A team from the Japan International Cooperation Agency’s (JICA) Science and Technology Research Partnership for Sustainable Development (SATREPS) recently visited The University of the South Pacific (USP) Tonga Campus to negotiate their participation in research on Volcanic eruptions.
The team included Associate Professor Mie Ichihara, a Volcanologist, from The Earthquake Research Institute of the University of Tokyo, Associate Professor Mie Ichihara and Fukashi Maeno who are from the Earthquake Research Institute, University of Tokyo, Hiroshi Inoue who is a visiting Researcher from the National Research Institute for Earth Science and Disaster Resilience,
Yuta Makabe from JICA and Mafoa Penisoni from the Tonga Geological Services.
The team visited Tonga as a member of a survey team from Japan, part of JICA for the gigantic Hunga-Tonga Hunga-Ha’apai (HTHH) eruption, and they are now preparing for a JICA project in response to the eruption with Tonga, Fiji, and Vanuatu.
Lead researcher, Associate Professor Mie Ichihara said a large eruption is rare but may have a significant influence once it occurs.
“This project aims to effectively use what we learned from the recent huge volcanic event to reduce disaster risks of such eruptions,” she added.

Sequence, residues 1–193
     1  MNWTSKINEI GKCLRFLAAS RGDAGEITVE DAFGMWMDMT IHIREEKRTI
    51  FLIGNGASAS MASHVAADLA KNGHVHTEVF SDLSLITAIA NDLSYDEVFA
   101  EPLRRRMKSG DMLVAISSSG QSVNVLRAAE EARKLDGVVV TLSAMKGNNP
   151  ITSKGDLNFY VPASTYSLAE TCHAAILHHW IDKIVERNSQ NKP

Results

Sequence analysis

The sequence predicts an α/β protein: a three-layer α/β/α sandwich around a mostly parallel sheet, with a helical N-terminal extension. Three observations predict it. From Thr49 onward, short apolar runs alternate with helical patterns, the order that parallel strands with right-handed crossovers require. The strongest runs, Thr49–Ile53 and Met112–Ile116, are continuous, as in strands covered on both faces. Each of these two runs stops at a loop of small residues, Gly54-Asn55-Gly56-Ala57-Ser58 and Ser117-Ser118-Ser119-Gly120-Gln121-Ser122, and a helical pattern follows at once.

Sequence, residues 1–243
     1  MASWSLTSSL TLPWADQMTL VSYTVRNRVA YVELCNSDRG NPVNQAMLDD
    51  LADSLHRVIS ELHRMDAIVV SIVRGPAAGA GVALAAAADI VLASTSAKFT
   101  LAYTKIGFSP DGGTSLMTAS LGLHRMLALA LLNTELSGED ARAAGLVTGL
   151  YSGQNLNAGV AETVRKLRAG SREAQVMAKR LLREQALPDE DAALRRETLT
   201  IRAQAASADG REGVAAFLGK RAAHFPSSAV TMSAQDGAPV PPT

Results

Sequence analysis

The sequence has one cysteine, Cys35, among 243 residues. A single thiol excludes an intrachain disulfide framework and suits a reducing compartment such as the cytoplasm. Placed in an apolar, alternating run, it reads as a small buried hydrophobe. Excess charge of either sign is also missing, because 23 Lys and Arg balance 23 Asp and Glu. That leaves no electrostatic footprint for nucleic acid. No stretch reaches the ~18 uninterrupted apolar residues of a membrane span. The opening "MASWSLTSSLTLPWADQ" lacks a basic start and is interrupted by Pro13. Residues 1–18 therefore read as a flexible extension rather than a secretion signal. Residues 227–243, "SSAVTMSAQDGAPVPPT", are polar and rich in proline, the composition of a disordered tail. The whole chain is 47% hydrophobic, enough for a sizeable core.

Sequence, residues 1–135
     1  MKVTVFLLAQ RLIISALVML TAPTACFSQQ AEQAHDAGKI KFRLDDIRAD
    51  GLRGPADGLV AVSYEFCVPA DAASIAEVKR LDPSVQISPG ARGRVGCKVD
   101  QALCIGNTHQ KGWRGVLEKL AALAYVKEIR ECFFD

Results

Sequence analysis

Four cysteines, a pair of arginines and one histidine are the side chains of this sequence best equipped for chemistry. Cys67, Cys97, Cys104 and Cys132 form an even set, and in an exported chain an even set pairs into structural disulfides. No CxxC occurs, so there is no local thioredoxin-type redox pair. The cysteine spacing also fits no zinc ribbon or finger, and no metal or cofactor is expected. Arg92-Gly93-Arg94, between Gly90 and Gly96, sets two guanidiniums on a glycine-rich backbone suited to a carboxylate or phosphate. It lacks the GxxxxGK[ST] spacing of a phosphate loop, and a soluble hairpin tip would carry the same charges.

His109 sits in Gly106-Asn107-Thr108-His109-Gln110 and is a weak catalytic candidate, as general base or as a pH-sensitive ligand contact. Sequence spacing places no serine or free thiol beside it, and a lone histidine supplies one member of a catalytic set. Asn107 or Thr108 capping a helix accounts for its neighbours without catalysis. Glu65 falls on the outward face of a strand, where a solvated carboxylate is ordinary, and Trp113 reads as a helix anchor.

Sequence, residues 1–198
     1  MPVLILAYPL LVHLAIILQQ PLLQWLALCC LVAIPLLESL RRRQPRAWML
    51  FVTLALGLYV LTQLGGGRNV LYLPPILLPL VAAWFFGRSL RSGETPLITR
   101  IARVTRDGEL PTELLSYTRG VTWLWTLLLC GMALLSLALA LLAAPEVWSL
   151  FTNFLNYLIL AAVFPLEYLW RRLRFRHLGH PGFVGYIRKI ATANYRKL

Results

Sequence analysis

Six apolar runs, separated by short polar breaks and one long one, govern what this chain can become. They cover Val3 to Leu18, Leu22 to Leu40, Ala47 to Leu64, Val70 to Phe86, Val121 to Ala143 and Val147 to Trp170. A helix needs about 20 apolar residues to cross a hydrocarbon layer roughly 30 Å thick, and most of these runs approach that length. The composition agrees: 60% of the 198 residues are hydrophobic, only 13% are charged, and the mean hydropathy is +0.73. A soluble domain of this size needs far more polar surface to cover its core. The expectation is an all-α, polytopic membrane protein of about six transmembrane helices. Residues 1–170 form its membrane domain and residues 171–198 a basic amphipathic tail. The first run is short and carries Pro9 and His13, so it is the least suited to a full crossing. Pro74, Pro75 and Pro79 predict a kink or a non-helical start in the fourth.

Professor Ichihara also highlighted that developing the regional collaboration network through the project would complement weak organisational structures and staffing and capacity shortages of the Southwest Pacific countries against widespread volcanic disasters.
She said those who gained experiences and skills from this project would also contribute to reducing other natural hazards that the region is exposed to and developing the next-generation human resources.
The purposes of the project are as follows;
* Learning from the HTHH volcanic tsunami disasters in each country, including Japan: What happened. What could have happened? What to improve?
* To understand the 2022 HTHH eruption mechanism: Why so huge?
* Understanding hazards related to the volcanic activity of the area and general features of shallow-water eruptions
* Capacity development to monitor signals before and during eruptions and adequately interpret them
* Improve the shortage of human resources and public awareness of volcanic hazards.
USP Tonga Campus Director, Dr Robin Havea said he was happy when the team contacted them and eventually visited the Campus.
“There are other tertiary institutions in Tonga, but they have chosen USP Tonga Campus as a research partner. More importantly, this would give an opportunity for our science students to be part of something big with hands-on experience,” he added.
Dr Havea expressed the Campus’s willingness to participate in this project, foreseeing possible benefits to Science and Geography Students, and also to the Campus in terms of resource upgrades and donations from this project.
However, the Campus Director also made it clear that Research Protocols must be fulfilled through the Research Office in Laucala, USP before the actual participation of the Campus.
Associate Professor Ichihara pleasantly received the response from the Campus Director emphasising that this was just the negotiation and recruiting process. The team will travel to Fiji and Vanuatu to complete all negotiations before the designing of the MOU and signing of other formalities.
The project is expected to start in 2023 and run for five years (2023- 2028)